One of my first discoveries was Dr. John, aka Mac Rebennack. Once again, on first impression I had no idea what I was listening to, but I was immediately hooked. Hearing his Yat accent, I mistakenly thought he was from Brooklyn. But as I listened more closely, the message started gaining focus, and before long I was digging the New Orleans street vibe on tracks such as "Mama Roux." It all came together on the Gumbo album when Mac played his magnificent second-line piano throwdown on his own arrangement of "Iko Iko."

In 1974, I was assigned to interview Dr. John for Crawdaddy. The hit album In the Right Place and the just-released Desitively Bonnaroo were both produced by Toussaint and featured the Meters as the backing band. I spent about a week in Dr. John's company, interviewing him in his hotel and catching gigs at the Bottom Line in New York and Mr. D's in New Jersey. He introduced me to secrets of New Orleans music, lessons that continued for the rest of my life and eventually inspired me to move to New Orleans.

You can tell how important someone in New Orleans is to the city by the way his or her passing is celebrated: No city has more elaborate rituals to transition its inhabitants from this world to the next. When he died of a heart attack last June, his spirit lingered in the city. Before the end of that day, the people of New Orleans began to celebrate his life. The day of the funeral dawned during the hottest New Orleans summer on record, but huge crowds gathered on Canal Street to see the horse-drawn hearse bearing Dr. John to his resting place. A Who's Who of New Orleans musicians came out to sing him home, including Irma Thomas, one of the New Orleans artists I'd listened to back in high school. She sang "Iko Iko," and my circle was unbroken.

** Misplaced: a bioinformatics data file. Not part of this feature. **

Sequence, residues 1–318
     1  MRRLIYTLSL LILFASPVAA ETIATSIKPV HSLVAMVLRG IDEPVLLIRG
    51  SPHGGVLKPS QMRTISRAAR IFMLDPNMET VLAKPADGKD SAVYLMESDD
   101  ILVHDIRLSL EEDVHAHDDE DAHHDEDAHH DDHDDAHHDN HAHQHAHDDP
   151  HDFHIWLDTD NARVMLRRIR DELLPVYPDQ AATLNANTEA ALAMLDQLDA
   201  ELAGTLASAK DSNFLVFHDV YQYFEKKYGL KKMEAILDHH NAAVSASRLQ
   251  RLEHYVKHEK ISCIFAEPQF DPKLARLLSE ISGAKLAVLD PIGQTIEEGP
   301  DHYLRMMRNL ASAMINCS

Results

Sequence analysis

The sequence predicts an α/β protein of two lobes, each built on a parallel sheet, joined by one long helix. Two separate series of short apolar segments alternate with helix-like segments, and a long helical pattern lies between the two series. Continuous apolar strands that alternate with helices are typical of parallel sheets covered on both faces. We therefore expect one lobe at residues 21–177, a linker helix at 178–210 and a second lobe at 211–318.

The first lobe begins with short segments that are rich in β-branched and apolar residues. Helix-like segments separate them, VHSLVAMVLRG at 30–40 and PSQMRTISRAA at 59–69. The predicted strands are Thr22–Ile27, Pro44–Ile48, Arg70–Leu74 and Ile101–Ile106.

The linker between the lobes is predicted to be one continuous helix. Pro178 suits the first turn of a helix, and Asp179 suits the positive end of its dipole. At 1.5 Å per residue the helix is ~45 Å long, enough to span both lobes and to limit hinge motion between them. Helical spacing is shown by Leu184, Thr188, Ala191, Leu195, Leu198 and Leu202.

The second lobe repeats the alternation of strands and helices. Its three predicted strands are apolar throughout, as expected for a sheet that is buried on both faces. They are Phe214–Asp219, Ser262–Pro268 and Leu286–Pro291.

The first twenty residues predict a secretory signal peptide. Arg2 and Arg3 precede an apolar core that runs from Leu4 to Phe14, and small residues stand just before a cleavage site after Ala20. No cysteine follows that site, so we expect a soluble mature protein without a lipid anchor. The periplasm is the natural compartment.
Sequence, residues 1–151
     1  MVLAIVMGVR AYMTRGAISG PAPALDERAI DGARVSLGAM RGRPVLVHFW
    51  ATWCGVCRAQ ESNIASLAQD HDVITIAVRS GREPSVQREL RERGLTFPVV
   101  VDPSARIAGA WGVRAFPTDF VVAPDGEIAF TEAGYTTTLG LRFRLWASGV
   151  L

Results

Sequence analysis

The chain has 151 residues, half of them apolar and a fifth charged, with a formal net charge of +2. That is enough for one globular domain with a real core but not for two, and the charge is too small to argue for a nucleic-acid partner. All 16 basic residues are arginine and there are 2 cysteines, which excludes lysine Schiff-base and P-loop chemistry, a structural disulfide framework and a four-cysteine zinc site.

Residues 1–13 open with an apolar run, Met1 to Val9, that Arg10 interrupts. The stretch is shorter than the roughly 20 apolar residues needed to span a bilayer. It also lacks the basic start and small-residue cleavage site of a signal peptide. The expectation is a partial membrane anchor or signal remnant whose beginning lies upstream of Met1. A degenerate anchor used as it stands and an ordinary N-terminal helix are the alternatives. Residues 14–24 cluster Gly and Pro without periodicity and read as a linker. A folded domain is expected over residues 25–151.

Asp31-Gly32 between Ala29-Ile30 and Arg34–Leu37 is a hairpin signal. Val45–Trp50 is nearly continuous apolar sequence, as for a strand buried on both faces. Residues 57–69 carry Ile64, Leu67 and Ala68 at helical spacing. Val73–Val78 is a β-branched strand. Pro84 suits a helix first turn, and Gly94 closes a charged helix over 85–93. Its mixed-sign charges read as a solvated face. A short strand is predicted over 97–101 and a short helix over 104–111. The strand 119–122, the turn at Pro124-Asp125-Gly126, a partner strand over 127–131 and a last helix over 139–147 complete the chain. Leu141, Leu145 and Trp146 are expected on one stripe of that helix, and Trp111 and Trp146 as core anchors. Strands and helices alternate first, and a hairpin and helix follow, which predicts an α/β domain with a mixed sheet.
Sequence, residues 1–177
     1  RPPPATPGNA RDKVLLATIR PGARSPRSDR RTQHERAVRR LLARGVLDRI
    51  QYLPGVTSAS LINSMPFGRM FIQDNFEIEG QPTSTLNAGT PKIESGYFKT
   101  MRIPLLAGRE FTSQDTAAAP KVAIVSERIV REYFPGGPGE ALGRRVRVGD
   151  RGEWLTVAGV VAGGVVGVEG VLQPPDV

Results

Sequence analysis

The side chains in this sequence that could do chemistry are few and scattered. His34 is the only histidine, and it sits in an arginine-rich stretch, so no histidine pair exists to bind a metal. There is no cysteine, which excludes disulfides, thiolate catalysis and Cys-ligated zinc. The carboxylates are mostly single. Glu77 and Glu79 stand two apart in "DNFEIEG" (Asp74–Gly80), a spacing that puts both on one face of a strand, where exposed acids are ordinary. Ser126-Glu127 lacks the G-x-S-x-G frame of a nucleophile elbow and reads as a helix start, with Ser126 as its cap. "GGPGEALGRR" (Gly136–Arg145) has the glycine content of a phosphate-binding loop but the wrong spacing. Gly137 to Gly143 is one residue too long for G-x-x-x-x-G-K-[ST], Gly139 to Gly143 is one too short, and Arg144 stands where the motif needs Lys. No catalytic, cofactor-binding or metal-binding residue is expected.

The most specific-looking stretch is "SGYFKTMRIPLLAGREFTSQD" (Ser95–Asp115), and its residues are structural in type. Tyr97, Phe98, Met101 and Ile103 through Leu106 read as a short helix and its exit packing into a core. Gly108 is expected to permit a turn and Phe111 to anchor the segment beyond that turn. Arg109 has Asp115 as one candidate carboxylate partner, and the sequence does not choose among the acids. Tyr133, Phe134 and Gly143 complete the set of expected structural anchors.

Herb Reichert's picture

and I didn't cry at all. Until . . . my dad and I and my best friend Marko were in the limo leaving the cemetery. As we approached the cemetery gate, Marko leaned over the front seat and asked the driver to "Please put on the radio." The first sound we heard was the Staple Singers, "I was stand-ing by my win-dow . . ." singing "Will The Circle Be Unbroken" --- it was crushing. We all sobbed for joy as much as grief.

mns3dhm's picture

When my father passed I asked the minister, my uncle, if we could sing this at the funeral. He said, 'No, that is secular music'. This is about the time I left the church.

Spla'nin's picture

Another Mac Rebennack favorite on Windham Hill "Bluesiana Triangle"


Mikk's picture

I used to visit hifi sites and read magazines for the lowdown on new gear and equipment, however the pieces i now enjoy most usually don't have anything to do wirh with shiny boxes.
Thanks once again, Stereophile, for putting music and humanity first.

doak's picture

From this New Orleans Boy - You did GOOD.

JulieAudiophile's picture

I got excited when I saw that Yellow Moon album cover. I remember that album marked the first time I'd ever heard the Neville Brothers! Also I feel fortunate to have seen Dr. John in concert (with Cyndi Lauper opening, no less) in his latter days. He put on a hell of a show! Thank you for the great piece!

volvic's picture

Singing with the Nitty Gritty Dirt Band is as moving as it gets. If you feel nothing after hearing it then you have no pulse. Plus the sound on the record is magnificent.